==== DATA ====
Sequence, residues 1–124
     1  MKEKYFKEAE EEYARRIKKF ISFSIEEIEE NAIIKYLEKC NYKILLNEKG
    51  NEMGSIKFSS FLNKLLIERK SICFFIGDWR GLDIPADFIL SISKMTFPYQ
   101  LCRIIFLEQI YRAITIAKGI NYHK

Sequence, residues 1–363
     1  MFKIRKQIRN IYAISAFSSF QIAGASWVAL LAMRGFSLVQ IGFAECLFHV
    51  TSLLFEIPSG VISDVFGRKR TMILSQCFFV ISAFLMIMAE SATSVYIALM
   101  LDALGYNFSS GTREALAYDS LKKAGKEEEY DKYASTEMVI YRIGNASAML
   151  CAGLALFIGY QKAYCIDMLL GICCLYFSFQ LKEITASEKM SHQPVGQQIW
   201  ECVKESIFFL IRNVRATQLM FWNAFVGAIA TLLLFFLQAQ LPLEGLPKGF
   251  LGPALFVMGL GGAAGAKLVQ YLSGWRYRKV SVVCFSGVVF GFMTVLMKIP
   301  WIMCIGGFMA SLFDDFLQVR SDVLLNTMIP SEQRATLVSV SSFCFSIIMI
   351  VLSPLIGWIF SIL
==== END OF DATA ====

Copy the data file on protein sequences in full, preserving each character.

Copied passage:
Sequence, residues 1–124
     1  MKEKYFKEAE EEYARRIKKF ISFSIEEIEE NAIIKYLEKC NYKILLNEKG
    51  NEMGSIKFSS FLNKLLIERK SICFFIGDWR GLDIPADFIL SISKMTFPYQ
   101  LCRIIFLEQI YRAITIAKGI NYHK

Sequence, residues 1–363
     1  MFKIRKQIRN IYAISAFSSF QIAGASWVAL LAMRGFSLVQ IGFAECLFHV
    51  TSLLFEIPSG VISDVFGRKR TMILSQCFFV ISAFLMIMAE SATSVYIALM
   101  LDALGYNFSS GTREALAYDS LKKAGKEEEY DKYASTEMVI YRIGNASAML
   151  CAGLALFIGY QKAYCIDMLL GICCLYFSFQ LKEITASEKM SHQPVGQQIW
   201  ECVKESIFFL IRNVRATQLM FWNAFVGAIA TLLLFFLQAQ LPLEGLPKGF
   251  LGPALFVMGL GGAAGAKLVQ YLSGWRYRKV SVVCFSGVVF GFMTVLMKIP
   301  WIMCIGGFMA SLFDDFLQVR SDVLLNTMIP SEQRATLVSV SSFCFSIIMI
   351  VLSPLIGWIF SIL